Inspiration #5

Sir Frank Dicksee

Sir Frank Dicksee is one of my favourite artists. He was a painter and an illustrator in late Victorian England, and has been associated with the Pre-Raphaelite Brotherhood. Even though he was not part of the brotherhood, his paintings share some characteristics of the Pre-Raphaelite paintings: intense and rich colors, complex composition and details, and like many of the Pre-Raphaelite painters, he recreated scenes from history, legends and literature in his painting. He also painted many stunning portraits of huntingly beautifull and fashionable women, women who are both sensual and angelic at the same time. He has also illustrated editions of Longfellow's Evangeline, Shakespeare's Othello and Shakespeare's Romeo & Juliet. I love the movement and fluidity of his painting, the passion and the emotions. Every little piece tells a story, and you can find new details to the story every time you take a look.
My favorite is La Belle Dame Sans Merci, a capture of a ballad by the ever so lovely John Keats, which also have been captured by several other artists (like John William Waterhouse and Frank Cadogan Cowper). Other pieces I love more than others are The Foolish Virgins, Startled, Chivalry, Paolo and Francesca, Two Crowns, Miranda, Oriental Pastime and A Portrait of a Lady. The light, details and colors are stunning!

Paintings from top to bottom:
1. Dawn (1897). 2. The Magic Crystal (1894). 3. Cleopatra. 4. Romeo & Juliet. 5. The Foolish Virgins (1883). 6. Startled (1892). 7. Portrait of Dora. 8. The End of the Quest (1921). 9. Portrait of the Artist's Niece, Dorothy (1917). 10. Camille, Daughter of Sutton Palmer (1914). 11. The Emblem. 12. Romeo & Juliet (1876). 13. Spring Maiden (1884). 14. Chivalry (1885). 15. Elsa (1927). 16. The Symbol (1881). 17. Mother (1907). 18. Two Crowns (1900). 19. Portrait of a Lady. 20. Miranda (1878). 21. Unknown. 22. Oriental Pastime. 23. The Mirror (1896). 24. The Duet. 25. Passion/Leila (1892). 26. La Belle Dame Sans Merci (1902). 27. An Offering (1898). 28. Crisis (1891). 29. Confession (1896). 30. Paolo and Francesca (1894)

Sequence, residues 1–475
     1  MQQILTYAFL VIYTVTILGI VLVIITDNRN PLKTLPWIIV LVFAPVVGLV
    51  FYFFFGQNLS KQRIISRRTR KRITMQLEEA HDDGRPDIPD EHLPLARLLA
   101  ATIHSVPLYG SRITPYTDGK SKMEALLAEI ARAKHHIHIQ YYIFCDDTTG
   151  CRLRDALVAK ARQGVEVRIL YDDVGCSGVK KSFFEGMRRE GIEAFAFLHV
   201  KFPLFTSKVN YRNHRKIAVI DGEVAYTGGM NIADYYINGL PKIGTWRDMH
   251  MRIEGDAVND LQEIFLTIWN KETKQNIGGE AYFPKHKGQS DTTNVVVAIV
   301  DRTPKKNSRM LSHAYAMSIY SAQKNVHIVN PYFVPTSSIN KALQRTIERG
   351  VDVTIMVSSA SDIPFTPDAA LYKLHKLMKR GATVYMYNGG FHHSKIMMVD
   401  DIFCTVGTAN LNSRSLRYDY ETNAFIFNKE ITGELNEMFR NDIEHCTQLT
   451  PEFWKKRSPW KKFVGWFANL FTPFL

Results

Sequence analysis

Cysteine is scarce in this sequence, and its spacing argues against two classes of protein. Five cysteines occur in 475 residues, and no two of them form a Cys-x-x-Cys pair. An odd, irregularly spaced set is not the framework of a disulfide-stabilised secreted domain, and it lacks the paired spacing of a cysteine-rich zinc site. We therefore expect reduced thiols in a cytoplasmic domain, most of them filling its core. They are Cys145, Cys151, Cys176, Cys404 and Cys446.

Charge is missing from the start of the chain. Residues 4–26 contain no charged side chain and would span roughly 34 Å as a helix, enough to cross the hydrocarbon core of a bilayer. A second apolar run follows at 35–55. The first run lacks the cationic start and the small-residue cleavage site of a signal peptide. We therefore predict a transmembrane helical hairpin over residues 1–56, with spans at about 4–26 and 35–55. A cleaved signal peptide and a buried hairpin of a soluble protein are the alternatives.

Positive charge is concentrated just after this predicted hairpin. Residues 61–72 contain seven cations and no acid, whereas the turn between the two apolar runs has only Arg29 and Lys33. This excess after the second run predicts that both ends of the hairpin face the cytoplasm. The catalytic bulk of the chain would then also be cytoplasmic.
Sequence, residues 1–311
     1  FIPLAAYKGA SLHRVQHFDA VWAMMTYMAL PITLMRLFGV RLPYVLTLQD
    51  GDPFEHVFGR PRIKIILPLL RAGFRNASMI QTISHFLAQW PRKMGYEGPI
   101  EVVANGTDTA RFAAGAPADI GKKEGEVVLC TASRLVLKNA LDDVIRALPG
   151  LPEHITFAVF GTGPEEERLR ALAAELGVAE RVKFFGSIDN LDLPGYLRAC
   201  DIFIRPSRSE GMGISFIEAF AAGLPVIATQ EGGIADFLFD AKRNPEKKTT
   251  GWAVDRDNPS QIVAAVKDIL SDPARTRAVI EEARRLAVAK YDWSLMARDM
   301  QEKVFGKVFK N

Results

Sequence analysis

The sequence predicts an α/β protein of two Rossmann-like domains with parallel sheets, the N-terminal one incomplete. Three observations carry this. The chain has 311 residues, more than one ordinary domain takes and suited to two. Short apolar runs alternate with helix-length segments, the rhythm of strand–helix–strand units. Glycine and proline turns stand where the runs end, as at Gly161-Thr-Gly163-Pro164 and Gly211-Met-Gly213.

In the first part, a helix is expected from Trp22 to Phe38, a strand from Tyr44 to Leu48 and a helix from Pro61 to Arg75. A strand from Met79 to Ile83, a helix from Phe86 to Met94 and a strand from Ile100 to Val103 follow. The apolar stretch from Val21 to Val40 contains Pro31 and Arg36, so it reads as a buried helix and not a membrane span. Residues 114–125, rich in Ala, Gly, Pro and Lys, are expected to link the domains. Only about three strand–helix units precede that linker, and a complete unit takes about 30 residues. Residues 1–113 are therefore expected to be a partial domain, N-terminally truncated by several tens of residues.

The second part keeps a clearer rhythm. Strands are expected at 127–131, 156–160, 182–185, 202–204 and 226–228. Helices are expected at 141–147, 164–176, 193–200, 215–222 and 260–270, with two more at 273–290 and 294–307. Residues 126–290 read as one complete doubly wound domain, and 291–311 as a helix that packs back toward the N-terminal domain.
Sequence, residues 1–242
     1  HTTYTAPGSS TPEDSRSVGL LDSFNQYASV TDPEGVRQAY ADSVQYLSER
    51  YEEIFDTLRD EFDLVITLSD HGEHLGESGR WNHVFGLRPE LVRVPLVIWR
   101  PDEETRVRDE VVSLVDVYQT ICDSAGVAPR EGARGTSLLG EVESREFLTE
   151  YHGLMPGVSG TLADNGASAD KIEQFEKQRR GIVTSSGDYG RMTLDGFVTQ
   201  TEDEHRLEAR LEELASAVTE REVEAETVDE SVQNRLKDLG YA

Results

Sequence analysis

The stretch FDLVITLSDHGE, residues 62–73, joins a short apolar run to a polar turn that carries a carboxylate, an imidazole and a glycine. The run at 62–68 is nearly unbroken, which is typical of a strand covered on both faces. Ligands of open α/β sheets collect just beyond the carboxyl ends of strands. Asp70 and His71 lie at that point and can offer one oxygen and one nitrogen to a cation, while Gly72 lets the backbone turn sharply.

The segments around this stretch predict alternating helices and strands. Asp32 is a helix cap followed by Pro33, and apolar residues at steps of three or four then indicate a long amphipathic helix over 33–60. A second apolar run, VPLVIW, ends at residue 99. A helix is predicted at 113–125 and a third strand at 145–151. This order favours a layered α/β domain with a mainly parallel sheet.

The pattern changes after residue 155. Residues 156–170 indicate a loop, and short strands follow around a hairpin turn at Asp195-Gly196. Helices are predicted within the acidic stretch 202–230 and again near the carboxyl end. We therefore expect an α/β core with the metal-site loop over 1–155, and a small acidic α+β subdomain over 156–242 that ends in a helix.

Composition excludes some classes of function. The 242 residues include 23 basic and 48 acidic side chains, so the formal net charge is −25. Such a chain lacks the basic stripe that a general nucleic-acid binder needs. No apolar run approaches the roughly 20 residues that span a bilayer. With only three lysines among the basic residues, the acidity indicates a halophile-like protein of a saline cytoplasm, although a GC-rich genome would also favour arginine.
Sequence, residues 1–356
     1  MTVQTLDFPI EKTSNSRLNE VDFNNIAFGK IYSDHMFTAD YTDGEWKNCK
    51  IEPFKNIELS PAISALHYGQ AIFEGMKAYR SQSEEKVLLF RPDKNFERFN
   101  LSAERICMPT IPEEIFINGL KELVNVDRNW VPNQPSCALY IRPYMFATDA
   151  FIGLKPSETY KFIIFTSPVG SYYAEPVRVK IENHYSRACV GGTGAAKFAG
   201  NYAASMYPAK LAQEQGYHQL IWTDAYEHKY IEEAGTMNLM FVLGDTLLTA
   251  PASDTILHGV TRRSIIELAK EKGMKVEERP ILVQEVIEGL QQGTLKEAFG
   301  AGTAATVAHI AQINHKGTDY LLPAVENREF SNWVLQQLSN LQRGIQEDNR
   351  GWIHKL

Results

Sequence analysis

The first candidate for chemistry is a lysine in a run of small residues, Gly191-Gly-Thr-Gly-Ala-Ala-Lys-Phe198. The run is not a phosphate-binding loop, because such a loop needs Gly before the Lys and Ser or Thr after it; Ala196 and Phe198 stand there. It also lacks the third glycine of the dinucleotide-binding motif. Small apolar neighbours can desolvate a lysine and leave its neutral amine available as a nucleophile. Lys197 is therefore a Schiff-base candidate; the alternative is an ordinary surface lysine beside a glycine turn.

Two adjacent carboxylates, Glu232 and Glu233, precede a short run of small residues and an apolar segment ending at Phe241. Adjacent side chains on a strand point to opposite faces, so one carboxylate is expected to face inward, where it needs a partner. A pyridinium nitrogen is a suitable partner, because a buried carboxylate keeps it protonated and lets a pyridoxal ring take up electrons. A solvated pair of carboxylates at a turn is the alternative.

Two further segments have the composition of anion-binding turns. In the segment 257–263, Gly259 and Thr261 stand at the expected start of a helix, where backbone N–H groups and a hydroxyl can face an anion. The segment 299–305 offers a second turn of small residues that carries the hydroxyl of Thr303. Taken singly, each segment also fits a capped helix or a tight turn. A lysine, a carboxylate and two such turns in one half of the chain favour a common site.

(pictures from Art Renewal Center, ArtMagic and Illusions Gallery)


TV Costumes

Upstairs Downstairs
Costume designer: Amy Roberts

I don't know if any of you have seen this series, but I can highly recommend it (especially if you liked Downton Abbey). Preceded by the five seasoned series from the 70s about the large Edwardian townhouse in 165 Eaton Place and the family and servants that lived there from 1903 - 1930, this series starts in 1936, when a young couple buys the old house and hires new (and old) staff. The purpose of this post is to show you the wonderfull costumes of the series. It was designed by Amy Roberts, a designer that I am not very acquainted with (beside seeing her costumes in the tv mini-series The Virgin Queen and the 2009 version of Wuthering Heights). It seems like period design is her forté, and here we have the 30s fashion in perfection: long siluets with slinky evening dresses, expencive material like satin, fur and chiffon. We even get to see horrible (but still beautifully aesthetic) fascist uniforms. I love the constrast between the "upstairs" and "downstairs", and the more exotic and eccentric look of Lady Maud Holland. I would also recommend you to take a closer look at the beautiful set decoration by Julia Castle.
(I will post some stills in another entry)


Butterfly garden

In our garden there is a little butterfly family living by all the yellow flowers. There they live side by side with the bees, fluttering their wings, dancing around eachother day by day, living their lives like it should have been lived by all other beings, with not a single care in their little worlds.

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